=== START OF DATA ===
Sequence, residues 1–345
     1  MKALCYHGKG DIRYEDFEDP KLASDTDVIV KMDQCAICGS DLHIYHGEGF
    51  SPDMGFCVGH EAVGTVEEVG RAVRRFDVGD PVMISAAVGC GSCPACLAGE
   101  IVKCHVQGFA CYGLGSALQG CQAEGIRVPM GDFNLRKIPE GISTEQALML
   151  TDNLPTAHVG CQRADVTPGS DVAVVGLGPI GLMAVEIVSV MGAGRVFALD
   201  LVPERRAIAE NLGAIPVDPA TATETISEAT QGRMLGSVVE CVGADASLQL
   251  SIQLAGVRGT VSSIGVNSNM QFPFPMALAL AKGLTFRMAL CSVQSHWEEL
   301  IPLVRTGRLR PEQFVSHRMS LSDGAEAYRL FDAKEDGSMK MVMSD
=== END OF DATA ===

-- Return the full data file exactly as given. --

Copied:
Sequence, residues 1–345
     1  MKALCYHGKG DIRYEDFEDP KLASDTDVIV KMDQCAICGS DLHIYHGEGF
    51  SPDMGFCVGH EAVGTVEEVG RAVRRFDVGD PVMISAAVGC GSCPACLAGE
   101  IVKCHVQGFA CYGLGSALQG CQAEGIRVPM GDFNLRKIPE GISTEQALML
   151  TDNLPTAHVG CQRADVTPGS DVAVVGLGPI GLMAVEIVSV MGAGRVFALD
   201  LVPERRAIAE NLGAIPVDPA TATETISEAT QGRMLGSVVE CVGADASLQL
   251  SIQLAGVRGT VSSIGVNSNM QFPFPMALAL AKGLTFRMAL CSVQSHWEEL
   301  IPLVRTGRLR PEQFVSHRMS LSDGAEAYRL FDAKEDGSMK MVMSD